As professional photographers, we usually recommend not to capture photos in bright sunlight. However, when it comes to street photography, you can use a bright light to incorporate interesting shapes and strong shadows in your pictures.
Not only does it allow you to create a photo with deep meanings, but it also enables you to come up with creative compositions that attract the eyes of your viewers.
11. Play with Monochrome Magic
Black and white photos and street photography are considered to be two peas in a pod. The monochrome magic is done in post-processing, and you’ll need to find out your style. Not only will it help you to come up with unique images, but it’ll also allow you to understand how to edit street photographs properly. You can also edit most of your photos with the same style if you want to make your work uniform.
12. Think Outside the Box
Emotions, powerful ideas, and the true colors of a culture can be conveyed by capturing the simplest of scenes.
It’s important to keep in mind that street photography isn’t only about portraits of people moving around on the streets. You can also capture photos of different objects of your interest. For example, you can capture buildings from a unique angle, photograph interesting juxtapositions, shoot attractive architecture, and so on. In simple words, the possibilities are endless to capture different kinds of photos without or with people. Practicing new images allows you to come up with creative ideas, and you’ll discover new opportunities.
13. It’s Not All About the Image Quality
Capturing a technically perfect photograph isn’t the biggest concern of street photography, though it is undoubtedly critical in commercial work or landscape photos. At the same time, it certainly doesn’t mean that you shouldn’t strive for that.
Here, in street photography, drama, light, composition, and the story are more important than technical prowess. Try to incorporate these four factors in your street photos because immaculate photo quality, low noise, and sharpness will be completely worthless if there’s no atmosphere to tell a story and the composition is bad with poor lighting conditions.
14. Turn Bad Weather Into Opportunity
When it’s raining outside, picking up your gear and going out to capture street photographs might be the last thing you want to do.
But this situation comes with plenty of opportunities to capture some stunning photos. For example, people running for shelter, rain pouring, umbrellas, the reflection of buildings in water, all these situations allow you to incorporate the element of interest in your photos. You can hide in a doorway or even in your car to capture all the moments if you’re concerned about getting soaked.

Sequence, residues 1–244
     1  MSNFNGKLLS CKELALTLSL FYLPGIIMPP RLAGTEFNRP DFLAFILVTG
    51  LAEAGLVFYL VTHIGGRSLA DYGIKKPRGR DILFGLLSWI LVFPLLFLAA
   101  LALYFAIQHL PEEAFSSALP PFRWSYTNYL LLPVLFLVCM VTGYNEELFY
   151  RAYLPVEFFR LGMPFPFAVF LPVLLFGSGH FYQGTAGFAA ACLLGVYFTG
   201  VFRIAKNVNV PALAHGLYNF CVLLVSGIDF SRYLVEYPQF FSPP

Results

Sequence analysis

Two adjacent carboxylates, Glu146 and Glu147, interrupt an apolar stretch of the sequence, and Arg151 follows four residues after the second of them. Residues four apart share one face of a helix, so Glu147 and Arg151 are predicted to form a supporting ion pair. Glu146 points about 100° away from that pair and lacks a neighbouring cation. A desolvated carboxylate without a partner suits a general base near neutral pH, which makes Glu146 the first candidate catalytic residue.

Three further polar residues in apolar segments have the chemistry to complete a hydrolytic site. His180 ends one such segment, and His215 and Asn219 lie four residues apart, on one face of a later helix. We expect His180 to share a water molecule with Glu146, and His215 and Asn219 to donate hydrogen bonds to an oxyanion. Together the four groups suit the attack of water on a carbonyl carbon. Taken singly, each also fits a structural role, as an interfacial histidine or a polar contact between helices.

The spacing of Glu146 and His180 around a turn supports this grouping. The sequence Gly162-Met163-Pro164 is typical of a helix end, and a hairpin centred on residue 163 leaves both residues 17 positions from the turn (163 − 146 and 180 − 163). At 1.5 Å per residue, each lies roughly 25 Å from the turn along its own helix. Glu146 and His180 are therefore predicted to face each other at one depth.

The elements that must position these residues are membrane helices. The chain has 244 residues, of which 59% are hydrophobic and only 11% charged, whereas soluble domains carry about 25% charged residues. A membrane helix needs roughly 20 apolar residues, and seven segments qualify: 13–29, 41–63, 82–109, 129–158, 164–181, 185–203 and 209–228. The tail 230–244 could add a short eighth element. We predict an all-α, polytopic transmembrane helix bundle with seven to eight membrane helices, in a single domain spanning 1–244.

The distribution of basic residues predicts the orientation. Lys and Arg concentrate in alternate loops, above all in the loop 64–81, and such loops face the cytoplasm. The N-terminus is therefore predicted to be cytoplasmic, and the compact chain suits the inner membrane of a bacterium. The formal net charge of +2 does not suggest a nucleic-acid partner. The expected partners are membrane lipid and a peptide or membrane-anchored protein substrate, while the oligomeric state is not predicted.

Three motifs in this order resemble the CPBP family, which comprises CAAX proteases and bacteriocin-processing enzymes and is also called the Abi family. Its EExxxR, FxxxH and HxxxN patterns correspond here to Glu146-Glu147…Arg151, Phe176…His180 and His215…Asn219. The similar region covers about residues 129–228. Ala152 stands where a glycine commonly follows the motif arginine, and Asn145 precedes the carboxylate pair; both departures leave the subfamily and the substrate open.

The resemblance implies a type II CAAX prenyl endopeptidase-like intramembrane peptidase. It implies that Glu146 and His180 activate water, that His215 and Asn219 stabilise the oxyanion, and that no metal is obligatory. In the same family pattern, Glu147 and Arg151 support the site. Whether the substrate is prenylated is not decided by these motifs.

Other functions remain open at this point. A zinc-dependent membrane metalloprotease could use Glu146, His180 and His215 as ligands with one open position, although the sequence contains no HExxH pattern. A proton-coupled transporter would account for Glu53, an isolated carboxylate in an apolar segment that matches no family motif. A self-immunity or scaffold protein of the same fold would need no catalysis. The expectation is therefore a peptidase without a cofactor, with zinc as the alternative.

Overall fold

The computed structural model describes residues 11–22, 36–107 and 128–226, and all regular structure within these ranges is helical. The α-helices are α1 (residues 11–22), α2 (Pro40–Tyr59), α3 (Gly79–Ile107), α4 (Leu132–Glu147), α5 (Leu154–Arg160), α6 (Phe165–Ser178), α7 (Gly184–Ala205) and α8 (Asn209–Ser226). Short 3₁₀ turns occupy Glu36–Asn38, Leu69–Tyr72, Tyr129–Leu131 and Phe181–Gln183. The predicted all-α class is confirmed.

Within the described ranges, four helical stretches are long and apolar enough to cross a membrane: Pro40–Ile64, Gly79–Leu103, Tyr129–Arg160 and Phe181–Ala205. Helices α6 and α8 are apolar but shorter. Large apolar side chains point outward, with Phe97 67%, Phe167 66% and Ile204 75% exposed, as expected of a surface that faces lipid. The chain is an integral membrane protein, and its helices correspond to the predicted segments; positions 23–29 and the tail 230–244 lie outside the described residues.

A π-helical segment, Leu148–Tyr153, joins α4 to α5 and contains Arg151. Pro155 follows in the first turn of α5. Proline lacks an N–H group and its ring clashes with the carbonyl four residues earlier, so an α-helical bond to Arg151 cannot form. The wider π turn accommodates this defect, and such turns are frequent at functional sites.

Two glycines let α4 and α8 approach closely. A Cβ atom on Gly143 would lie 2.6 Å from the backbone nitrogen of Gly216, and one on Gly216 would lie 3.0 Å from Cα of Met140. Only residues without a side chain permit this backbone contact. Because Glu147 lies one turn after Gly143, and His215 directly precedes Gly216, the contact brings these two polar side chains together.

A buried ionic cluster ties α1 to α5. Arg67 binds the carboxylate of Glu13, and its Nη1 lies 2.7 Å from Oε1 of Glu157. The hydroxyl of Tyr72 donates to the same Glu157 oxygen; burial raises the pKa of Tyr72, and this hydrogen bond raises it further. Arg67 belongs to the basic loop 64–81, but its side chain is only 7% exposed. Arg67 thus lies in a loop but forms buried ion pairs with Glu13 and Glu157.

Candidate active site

15. Think Beyond Subjects
As a photographer, it’s in your hands to decide what to shoot and what not to shoot, and you use your own eyes and perception to filter reality. You see the streets through your own life experiences and emotions.
For example, suppose you have a social personality. In that case, you’ll like to shoot people meeting and greeting, and you’ll want to capture photos with happy emotions if you’re an optimistic person. Therefore, it’s safe to say that your street photos are your self-portraits in a way because they reflect your inner mental state. So, don’t forget to think beyond the subjects because, in a way, you’re capturing images of yourself.
16. Avoid Chimping
Chimping in photography is a practice of reviewing each photo right after capturing. It’s good to make sure that you capture the intended frame, but it doesn’t work well with street photography.
Spending time reviewing your photos also means that you’re missing out on other exciting opportunities and scenes. You don’t want to do that. It’s also critical to keep in mind that there’s no room for the second take in street photography. We recommend you turn your camera’s automatic image review off altogether. It’ll allow you to keep yourself from the temptation of chimping, and you’ll be more focused on capturing new scenes.
17. Learn to Stand Still
One thing that you need the most in street photography is patience. While most of the time you’ll be on the move trying to find the perfect moment, you’ll also need to slow down and learn to stand. This way, the ideal moment will appear in front of you, but it can take a whole lot of time in some scenarios.
Not only does it allow you to capture stunning street photographs, but it also makes you more observant. That’s why it’s important to save your energy, stand still, and let the right subject come to you.
18. Master the Aperture Priority Mode
While you’re on the streets, the perfect frames come and go within a matter of seconds. To make sure that you don’t miss a perfect shot, you’ll need to learn to set your camera’s exposure as quickly as possible.
Using the aperture priority mode means that you’ll be able to set the right exposure by tweaking one setting instead of three. This way, your camera will automatically calculate and set the correct shutter speed and ISO, and you’ll only need to select the depth of field and composition.
Try setting the aperture of your camera somewhere between f/4.5 and f/8. Not only will it allow you to capture sharp images consistently, but it’ll also help you to ensure you don’t focus too much on the technical side of things and instead focus on capturing exceptional images.
Following all the tips mentioned above will allow you to improve the quality of your street photographs.
Keep in mind that all types of photography are done in the field and not behind your computer screen. All you need to do is jump into it and practice as much as possible whether you have an iPhone, point-and-shoot, or DSLR. The beauty and the true colors of the streets await you, and you don’t want to miss that chance.